Today I went to the South African Parliament. The student governments from four Western Cape Universities were invited to participate in a discussion with the Committee for Higher Education (which in turn advises parliament and Blade Nzimande, Minister for Higher Education).
The Parliamentary building is really beautiful. It has an air about it that still makes me wonder about politics and law as a career direction. Then again I think I’ve proven that studying medicine need not restrict your interests.
Accessibility of Tertiary Education by poor, deserving, undergraduate and postgraduate students.
Some really interesting points were highlighted by the different SRCs for this debate. These included:
- Encouraging public-private partnerships to make university-funding more accessible
- Revising the National Student Financial Aid (which is actually currently being done)
- Standard of Secondary Education in terms of retaining university students
- Accessibility to middle-income sector students (something close to my heart)
- Entrance requirements for university
Short explanation of point 4: High-income families aren’t really affected by increases in fees (yes, generalisation), while low-income students can get bursaries (scholarships) rather easily, at least in South Africa. Middle-income families, however, are not poor enough to get financial aid, yet not rich enough to afford tertiary education without a struggle.
Short explanation on point 5: In South Africa, in order to correct the inequities of the past, students compete in racial profiles for entrance to university. In other words, the top portion of each separate race group will receive admission to their preferred course. However, this means that black students who attended rural, disadvantaged schools without enough teachers and in many cases without sufficient infrastructure, are competing with wealthy black students who went to better schools than even I attended. The question was whether it would not be best to compete in groups determined by the scholastic opportunities you had as opposed to race in this setup.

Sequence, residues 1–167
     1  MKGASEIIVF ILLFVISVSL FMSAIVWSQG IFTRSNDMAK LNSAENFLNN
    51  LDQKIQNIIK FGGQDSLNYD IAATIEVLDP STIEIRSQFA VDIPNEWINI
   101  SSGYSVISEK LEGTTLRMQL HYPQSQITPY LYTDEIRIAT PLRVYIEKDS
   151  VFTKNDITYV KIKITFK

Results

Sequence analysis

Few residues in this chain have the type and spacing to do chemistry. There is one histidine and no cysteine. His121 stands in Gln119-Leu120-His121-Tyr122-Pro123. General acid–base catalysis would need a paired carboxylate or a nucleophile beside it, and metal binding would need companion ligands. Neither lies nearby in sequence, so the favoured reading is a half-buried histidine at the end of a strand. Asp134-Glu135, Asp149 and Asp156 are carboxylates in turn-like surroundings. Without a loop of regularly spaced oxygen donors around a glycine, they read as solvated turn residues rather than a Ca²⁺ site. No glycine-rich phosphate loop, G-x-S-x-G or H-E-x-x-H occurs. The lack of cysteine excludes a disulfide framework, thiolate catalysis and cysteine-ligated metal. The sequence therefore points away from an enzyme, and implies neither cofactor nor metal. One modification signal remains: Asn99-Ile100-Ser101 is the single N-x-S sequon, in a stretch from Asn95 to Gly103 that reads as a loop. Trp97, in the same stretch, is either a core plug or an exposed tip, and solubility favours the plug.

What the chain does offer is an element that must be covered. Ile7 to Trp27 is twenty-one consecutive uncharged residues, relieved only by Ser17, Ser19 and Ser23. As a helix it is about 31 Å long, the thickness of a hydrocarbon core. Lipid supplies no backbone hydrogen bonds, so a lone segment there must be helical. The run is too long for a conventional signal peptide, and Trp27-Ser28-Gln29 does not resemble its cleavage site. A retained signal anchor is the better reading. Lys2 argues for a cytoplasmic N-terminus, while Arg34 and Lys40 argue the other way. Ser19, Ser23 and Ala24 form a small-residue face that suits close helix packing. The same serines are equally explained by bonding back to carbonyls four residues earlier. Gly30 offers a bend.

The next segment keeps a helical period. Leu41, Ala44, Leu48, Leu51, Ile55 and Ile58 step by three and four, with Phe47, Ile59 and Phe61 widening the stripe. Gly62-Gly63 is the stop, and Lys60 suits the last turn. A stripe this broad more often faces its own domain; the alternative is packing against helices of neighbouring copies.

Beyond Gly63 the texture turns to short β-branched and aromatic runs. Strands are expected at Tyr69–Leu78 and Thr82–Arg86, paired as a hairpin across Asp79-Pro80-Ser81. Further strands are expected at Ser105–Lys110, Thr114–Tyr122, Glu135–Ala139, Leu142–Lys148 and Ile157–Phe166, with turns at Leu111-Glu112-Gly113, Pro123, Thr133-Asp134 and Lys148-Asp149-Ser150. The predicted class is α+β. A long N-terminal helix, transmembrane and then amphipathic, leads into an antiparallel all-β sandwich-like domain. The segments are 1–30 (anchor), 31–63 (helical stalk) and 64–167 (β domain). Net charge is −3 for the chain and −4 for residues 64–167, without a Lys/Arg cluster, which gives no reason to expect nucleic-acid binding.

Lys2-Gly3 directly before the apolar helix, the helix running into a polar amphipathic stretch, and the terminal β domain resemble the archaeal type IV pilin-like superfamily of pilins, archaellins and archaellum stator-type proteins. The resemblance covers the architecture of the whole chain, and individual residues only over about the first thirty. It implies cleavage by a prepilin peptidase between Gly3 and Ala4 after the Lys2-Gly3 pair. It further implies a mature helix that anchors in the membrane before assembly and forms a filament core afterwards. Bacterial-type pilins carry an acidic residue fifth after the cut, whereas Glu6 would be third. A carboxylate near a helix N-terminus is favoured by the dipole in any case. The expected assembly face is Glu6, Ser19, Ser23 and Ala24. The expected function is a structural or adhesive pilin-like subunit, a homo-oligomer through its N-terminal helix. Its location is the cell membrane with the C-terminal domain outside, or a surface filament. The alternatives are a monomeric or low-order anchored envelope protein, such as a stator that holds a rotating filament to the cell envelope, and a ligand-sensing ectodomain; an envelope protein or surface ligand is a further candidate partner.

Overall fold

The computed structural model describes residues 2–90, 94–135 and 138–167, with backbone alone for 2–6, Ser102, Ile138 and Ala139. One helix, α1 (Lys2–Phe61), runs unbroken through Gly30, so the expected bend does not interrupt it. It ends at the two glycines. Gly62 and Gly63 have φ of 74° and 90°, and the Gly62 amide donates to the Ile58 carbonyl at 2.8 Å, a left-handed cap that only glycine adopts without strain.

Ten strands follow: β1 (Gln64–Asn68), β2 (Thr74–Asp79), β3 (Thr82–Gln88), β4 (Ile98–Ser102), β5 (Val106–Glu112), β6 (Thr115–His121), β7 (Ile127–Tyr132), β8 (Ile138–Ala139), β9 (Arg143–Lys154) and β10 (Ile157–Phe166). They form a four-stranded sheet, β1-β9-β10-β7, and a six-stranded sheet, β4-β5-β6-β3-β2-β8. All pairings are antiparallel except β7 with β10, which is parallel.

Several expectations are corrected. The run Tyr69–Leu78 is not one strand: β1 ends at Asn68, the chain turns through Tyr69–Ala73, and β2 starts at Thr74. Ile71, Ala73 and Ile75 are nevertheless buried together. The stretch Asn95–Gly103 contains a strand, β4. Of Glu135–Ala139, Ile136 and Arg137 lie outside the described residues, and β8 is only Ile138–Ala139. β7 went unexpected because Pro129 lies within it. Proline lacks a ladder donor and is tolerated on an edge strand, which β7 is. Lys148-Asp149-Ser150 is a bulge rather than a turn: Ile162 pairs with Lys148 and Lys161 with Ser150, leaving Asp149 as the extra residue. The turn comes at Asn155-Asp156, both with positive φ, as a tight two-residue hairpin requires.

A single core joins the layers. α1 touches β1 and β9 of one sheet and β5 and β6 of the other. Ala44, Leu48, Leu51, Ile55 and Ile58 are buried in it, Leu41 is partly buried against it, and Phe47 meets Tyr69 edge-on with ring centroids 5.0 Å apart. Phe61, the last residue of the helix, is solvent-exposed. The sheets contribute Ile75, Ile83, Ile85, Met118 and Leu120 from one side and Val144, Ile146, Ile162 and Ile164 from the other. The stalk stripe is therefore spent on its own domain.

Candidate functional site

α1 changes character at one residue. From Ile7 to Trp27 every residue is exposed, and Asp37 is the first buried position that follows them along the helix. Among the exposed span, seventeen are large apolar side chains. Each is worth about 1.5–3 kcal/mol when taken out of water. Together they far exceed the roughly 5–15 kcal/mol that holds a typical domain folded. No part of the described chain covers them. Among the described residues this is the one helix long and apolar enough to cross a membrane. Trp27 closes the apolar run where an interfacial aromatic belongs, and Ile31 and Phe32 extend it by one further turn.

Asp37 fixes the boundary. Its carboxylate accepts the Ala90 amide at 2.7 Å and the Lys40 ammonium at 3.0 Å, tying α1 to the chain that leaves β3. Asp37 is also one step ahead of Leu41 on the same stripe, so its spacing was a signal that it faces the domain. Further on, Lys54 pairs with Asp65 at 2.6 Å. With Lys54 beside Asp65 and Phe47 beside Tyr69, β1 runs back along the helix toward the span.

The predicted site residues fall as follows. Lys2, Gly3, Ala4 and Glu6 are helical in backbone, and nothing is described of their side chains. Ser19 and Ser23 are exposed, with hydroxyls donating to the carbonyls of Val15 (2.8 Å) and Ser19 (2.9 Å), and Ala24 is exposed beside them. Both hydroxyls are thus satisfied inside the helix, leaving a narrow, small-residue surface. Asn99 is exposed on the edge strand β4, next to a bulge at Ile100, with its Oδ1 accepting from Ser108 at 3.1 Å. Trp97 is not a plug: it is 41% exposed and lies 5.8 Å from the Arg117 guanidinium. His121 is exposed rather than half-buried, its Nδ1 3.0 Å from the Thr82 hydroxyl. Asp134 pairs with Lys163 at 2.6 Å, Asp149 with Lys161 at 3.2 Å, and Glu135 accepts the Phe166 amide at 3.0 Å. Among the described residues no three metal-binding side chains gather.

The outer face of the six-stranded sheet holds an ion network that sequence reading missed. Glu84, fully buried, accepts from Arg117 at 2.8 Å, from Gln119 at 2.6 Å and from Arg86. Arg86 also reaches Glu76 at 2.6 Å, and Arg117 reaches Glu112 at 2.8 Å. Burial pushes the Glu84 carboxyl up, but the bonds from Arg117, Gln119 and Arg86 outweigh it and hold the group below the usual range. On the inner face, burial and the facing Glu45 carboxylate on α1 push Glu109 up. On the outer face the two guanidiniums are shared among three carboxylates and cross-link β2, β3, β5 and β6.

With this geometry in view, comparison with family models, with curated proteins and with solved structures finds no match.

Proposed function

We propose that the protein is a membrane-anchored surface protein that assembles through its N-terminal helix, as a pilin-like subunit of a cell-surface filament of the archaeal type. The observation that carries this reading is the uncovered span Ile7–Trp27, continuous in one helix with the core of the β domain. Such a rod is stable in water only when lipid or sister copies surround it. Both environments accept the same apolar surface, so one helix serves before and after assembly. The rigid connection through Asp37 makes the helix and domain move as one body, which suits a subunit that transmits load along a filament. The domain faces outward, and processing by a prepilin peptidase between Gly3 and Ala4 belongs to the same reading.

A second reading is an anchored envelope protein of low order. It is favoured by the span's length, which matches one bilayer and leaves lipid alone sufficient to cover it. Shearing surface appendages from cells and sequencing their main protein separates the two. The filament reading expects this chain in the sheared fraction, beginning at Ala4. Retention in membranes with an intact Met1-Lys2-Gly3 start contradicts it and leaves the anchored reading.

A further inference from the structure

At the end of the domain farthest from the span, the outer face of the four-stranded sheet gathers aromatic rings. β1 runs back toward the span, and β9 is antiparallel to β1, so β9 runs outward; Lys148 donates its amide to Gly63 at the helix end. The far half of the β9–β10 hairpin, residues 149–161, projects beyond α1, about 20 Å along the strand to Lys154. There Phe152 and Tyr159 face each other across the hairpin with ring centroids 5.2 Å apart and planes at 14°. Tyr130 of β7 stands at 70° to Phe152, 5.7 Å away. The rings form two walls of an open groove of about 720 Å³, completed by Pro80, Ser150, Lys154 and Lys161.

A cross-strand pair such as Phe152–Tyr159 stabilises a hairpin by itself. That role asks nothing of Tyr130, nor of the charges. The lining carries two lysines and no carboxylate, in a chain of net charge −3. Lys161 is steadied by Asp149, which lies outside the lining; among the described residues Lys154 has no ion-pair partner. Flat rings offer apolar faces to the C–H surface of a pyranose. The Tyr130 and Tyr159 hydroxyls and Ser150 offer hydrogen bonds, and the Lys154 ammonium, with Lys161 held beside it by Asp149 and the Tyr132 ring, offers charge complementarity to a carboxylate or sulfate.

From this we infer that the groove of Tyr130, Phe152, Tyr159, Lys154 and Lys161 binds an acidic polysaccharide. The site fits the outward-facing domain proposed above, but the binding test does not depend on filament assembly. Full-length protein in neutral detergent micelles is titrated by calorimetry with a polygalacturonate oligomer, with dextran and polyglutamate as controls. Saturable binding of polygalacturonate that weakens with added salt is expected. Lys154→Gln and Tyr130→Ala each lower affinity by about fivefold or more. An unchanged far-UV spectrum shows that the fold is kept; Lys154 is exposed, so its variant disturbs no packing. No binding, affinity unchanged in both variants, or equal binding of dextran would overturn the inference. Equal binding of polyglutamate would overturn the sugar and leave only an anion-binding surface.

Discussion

We then sat in the gallery while the actual Parliamentary proceedings began. It was my first time ever and I found it very interesting – and rather shocking too. Members are rather rude and personal towards each other. It seems like a more honest microcosm of South African society. That was not really a pleasant event to witness, but apparently British Parliament is even worse.
Members of Parliament participated quite intensely in the debate regarding Higher Education and the Minister was taking notes quite avidly. That is something, at the very least.
I am unsure whether we have contributed to potential change, but it was definitely worth the hours out of my study timetable. There was talk about inviting SRCs again in the future.
Afterwards I walked through the Company Gardens – they are BEAUTIFUL. I want to spend more time in that area of Cape Town. It is beautiful and historic. The planetarium and national museum are near there as well. And I thought, “I could actually make some good memories here.”
Also, I have actually studied today. I am now pretty clued up about all genital infections and their diagnoses. I know that Candida is not sexually transmissible and that “Bacterial Vaginosis appears not to affect men” (well gosh, I wonder why that is so). Unfortunately one of my books says that the partner must be treated and the other says that it is not necessary, so I shall have to check up on that. I can classify and grade different genital prolapses and I finally understand Leiomyomata. I even studied PMS, dysmenorrhoea, rape and sexual dysfunction.
Personally, the sexual dysfunction chapter is my favourite because the authors obviously tried to keep things professional. “A hardworking husband coming home from work to find a frustrated mother with crying children is not in the mood for sex” – it goes without saying, but the fact that it is written in academic literature is kind of cute.
Tomorrow… more studying. I can do this. I have to do this. 🙂